(BOSTON) -- If you use mind-body therapies as yoga, tai chi, meditation and deep-breathing exercises, you are among a growing number of Americans.
In 2007, 38 percent of people in the U.S. reported using complementary and alternative medicine, or CAM.
Rates of CAM use have increased since 2002, with mind-body therapies accounting for three quarters of the increase.
Now a first-of-its-kind study assesses the rate of alternative therapy referrals by conventional medical providers.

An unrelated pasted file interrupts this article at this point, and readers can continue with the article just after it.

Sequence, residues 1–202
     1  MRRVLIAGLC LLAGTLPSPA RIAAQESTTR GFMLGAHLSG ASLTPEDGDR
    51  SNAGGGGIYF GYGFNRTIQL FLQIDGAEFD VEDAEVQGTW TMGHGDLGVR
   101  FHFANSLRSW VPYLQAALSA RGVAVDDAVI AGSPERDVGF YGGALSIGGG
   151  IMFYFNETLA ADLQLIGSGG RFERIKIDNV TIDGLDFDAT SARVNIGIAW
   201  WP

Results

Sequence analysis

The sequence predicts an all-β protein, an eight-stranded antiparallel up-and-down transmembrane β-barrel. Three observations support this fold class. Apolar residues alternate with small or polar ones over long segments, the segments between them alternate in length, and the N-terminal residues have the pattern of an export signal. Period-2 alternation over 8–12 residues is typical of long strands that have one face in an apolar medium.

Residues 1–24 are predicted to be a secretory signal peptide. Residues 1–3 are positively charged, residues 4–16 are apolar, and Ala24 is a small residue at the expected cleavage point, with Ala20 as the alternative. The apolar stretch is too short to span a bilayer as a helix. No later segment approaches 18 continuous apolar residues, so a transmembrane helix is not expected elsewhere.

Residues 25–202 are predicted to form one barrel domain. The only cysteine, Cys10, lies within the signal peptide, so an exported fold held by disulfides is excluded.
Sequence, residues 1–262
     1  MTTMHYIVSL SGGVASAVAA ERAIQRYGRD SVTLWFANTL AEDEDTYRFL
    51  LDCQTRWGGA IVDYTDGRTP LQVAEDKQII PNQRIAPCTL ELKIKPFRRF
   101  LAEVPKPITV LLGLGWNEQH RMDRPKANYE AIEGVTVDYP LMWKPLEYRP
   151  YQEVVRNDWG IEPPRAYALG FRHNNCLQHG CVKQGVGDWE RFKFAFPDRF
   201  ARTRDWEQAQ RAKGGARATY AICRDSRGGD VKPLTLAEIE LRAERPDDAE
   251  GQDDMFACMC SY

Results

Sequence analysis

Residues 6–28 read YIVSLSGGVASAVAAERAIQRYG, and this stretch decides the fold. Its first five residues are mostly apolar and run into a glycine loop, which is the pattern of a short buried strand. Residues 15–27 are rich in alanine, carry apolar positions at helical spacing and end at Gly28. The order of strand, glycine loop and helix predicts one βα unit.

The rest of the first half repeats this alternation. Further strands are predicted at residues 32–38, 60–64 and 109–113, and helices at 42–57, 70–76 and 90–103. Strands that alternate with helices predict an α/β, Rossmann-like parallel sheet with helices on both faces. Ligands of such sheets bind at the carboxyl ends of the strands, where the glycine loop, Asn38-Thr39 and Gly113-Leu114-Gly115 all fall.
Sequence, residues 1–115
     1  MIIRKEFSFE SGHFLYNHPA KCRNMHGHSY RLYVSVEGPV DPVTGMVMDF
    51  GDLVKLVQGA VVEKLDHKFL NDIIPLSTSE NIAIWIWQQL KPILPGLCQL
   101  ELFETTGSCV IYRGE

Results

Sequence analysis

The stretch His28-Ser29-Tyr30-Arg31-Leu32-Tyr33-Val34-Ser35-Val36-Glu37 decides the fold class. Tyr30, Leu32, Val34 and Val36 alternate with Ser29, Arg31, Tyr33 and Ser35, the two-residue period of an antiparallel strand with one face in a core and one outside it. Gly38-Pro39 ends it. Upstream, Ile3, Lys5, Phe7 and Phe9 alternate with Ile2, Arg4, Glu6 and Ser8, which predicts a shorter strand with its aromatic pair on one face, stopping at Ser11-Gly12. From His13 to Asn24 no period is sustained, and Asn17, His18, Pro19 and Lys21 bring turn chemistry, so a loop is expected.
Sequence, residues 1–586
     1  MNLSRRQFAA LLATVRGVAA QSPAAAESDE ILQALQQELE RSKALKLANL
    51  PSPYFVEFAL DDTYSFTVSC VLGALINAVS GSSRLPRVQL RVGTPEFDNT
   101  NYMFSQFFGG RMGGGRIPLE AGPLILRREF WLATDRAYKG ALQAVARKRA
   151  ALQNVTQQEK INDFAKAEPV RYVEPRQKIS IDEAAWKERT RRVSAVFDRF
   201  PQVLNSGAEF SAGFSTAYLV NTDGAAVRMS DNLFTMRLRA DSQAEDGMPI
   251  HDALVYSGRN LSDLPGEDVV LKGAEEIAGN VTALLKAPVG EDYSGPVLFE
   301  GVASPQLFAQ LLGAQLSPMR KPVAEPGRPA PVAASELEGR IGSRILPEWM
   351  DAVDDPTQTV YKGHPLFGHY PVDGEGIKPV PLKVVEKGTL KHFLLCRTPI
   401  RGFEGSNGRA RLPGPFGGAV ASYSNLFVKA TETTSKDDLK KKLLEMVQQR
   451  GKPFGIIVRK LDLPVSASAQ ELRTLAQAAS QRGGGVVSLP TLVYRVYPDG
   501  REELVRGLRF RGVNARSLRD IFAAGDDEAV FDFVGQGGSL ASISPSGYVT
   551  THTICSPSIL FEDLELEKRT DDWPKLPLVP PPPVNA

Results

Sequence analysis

A survey in the Archives of Internal Medicine of over 23,000 U.S. adults finds that three percent of those surveyed were directed to meditation therapy by a health care provider. Projected to the rest of the population, that would suggest some 6.4 million Americans could -- in effect -- be getting "prescriptions for meditation" from conventional health care practitioners. That would still be many fewer than the estimated 34.8 million who seek meditation therapy on their own.
The survey did not ask what kind of health care provider directed the patients to mind-body therapy.
The authors suggest that providers treating sicker patients may offer these referrals as a last resort when conventional therapy doesn't work.
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